I've been going to Paul Gurewitz's house for dinner, parties, volleyball in the old days, 4th of July yearly, weddings, farkell, and just hanging out for over forty years. I've made a lot of pictures while there. But more recently, I've found myself shooting fewer photographs, just wanting to give it a rest and enjoy the company. And after a lifetime of making primarily people pictures, the photographs I am making these days are more likely landscapes.
At Paul's last weekend, a small group came over for pizza and pork, and music and singing. I had brought my camera, more out of habit, than with any intention to use it. So I was a little surprised when the light sucked me in; that soft evening light that happens around here, coupled with the softness of a young person's skin. Where's my camera?
The light on Mr. Rutten was awful, but he got my attention with a version of The Lowland Sea that he just began singing acapella. I remembered the song from my time with Dellie Norton and her family in Sodom, who called it The Golden Vanity. Like Mr. Rutten they sang without accompaniment and somehow remembered the numerous verses.
And I'm just beginning to know this guy Jim Hampton. But he knew most of the words of my favorite Willie Nelson song, Hands on the Wheel, from the Red Headed Stranger album. It's kind of an obscure song and not many people play it. So, the fact he knew the song and could make a go of it helped turn the evening into another successful Gurewitz event.
I wanted a smoke, but had left my pouch of Drum at the house and was at a party where I sensed there wouldn't be too many people to bum from. Standing with my friend who was hosting, my eye settled on an older woman sitting under a tree. I watched as she performed a classic smoker's ritual of reaching into her purse and pulling out a pack of Winstons, I think they were.
Deborah and I approached her and she introduced me. "This is Bobby, our daughter-in-law's grandmother. She's 90 years old." Ninety years old and a smoker, I thought. This is a person I would like and enjoy talking with. To break the ice, I said, "Well, I gotta say, you look great for ninety, not a day over eighty-eight." She had a great laugh.
So, we sat together for a time - talking and smoking. She told me stories about being in Paris not long after World War II ended and the years she lived in Santa Fe. We laughed a fair amount and teased each other.
I remember talking with my Father one time a few years before his death. He was talking about feeling lonely and said, "No one wants to talk to old people these days. Young people just ignore them."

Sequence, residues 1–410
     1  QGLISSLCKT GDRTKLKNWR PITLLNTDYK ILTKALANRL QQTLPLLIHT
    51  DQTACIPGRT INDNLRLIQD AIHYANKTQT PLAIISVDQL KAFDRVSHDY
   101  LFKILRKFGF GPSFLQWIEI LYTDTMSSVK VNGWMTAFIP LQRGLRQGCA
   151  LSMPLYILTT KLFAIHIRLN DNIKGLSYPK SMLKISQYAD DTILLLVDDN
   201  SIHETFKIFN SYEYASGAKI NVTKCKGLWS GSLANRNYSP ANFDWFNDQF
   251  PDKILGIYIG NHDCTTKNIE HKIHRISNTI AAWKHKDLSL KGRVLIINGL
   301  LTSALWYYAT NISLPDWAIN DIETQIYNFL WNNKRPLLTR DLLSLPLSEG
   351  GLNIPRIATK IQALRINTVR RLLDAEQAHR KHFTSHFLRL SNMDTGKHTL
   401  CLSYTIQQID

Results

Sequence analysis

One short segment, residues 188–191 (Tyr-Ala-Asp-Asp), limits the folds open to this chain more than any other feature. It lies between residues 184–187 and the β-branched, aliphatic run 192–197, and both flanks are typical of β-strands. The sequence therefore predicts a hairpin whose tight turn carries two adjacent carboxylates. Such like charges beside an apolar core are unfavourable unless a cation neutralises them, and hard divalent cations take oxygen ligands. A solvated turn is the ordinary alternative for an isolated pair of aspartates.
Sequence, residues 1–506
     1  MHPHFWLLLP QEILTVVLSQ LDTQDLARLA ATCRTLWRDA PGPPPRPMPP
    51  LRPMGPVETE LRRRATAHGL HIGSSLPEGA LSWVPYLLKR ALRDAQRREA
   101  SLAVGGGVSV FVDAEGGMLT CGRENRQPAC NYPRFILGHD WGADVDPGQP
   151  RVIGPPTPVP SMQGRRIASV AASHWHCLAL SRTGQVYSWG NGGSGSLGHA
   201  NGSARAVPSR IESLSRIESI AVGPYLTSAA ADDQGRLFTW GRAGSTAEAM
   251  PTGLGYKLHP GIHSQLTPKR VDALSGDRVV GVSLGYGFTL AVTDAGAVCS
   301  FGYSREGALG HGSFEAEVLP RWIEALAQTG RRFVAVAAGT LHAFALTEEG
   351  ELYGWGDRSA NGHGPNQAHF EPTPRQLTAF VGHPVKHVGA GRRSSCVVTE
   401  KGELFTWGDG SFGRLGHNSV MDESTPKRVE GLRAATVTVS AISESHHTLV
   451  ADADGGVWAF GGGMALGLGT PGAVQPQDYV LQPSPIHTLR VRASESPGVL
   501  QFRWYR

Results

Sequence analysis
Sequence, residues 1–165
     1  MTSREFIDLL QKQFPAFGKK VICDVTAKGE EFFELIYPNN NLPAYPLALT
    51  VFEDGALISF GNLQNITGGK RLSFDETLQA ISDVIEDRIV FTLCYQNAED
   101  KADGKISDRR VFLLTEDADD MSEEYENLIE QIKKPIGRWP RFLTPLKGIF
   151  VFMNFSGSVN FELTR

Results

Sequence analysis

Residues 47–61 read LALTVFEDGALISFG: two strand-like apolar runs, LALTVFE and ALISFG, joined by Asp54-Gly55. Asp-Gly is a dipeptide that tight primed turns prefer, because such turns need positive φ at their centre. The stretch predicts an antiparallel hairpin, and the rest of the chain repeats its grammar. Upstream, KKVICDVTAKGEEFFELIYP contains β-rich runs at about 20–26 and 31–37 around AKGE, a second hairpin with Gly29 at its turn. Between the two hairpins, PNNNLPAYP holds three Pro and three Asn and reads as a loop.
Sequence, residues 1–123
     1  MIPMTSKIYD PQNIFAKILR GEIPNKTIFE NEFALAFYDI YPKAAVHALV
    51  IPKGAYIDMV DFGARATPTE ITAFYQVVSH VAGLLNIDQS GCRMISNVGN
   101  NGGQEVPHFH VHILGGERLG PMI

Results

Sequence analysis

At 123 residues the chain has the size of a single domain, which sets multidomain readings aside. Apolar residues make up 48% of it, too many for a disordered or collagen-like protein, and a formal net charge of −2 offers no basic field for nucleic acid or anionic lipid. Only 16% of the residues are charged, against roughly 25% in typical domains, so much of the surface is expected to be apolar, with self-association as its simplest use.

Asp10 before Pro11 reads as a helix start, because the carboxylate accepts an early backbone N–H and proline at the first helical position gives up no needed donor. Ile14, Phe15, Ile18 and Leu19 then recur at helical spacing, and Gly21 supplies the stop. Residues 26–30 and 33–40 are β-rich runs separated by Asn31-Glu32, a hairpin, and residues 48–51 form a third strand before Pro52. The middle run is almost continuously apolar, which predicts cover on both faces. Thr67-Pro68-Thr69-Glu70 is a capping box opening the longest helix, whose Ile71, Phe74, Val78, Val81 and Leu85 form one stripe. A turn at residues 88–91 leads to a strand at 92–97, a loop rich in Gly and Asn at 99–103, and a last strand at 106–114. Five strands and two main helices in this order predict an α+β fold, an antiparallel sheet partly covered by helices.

I thought of that conversation with my father as I was speaking with Bobby, staying dry under the tarp, smoking and laughing in the soft light of early evening. And, contrary to what my Father might have believed, I thought this ninety year old woman is the most interesting person here. And she had cigarettes to share. At one point she asked how old I was and I told her seventy. "You look good. You could pass for fifty-three." She won me with that comment.
I've had the good fortune to know Anna Woodruff since the day she was born, almost 38 years ago. And now look at her, almost barefoot, and certainly pregnant. And glowing. I have photographs of Anna as a young child, growing up on Big Pine, and she has that same irrepressible smile and openess in those images from long ago that she has today. I can't wait to meet her and Marco's baby.
There is a long and storied tradition of giving quilts for births, weddings and friendship in our little Madison County community, one that has been ongoing for forty years. This quilt is not so much a part of that community tradition, but a gesture of love from Anna's sister, Jenny, and her close friend, Olivia Shealy. The design is called Bargello, a quilting term today that originated in Italy in the 17th Century as needlepoint embroidery. This was Jenny and Olivia's first attempt at using this pattern.
Quilts are not only physical coverings, but are also symbolic embraces from the community that made it. An offering of protection. Of warmth. Of comfort. What I love, as a person whose son received one of the first quilts made in the community, is the continuation of the tradition. That quilt from 38 years ago was organized by Anna's mother Libby.
Marco looked at me, patted Anna's belly, and said,
"Look what I've done, Rob."
I think of Joni Mitchell.
A great afternoon walk with Kate and Justin through the Mendocino County Botanical Gardens in Ft. Bragg, California. 47 acres of plants, flowers, trees. stretching all the way to the coast. The rhododendron were in full flower throughout the park, too many varieties to count and other plants abounded. A stunning place.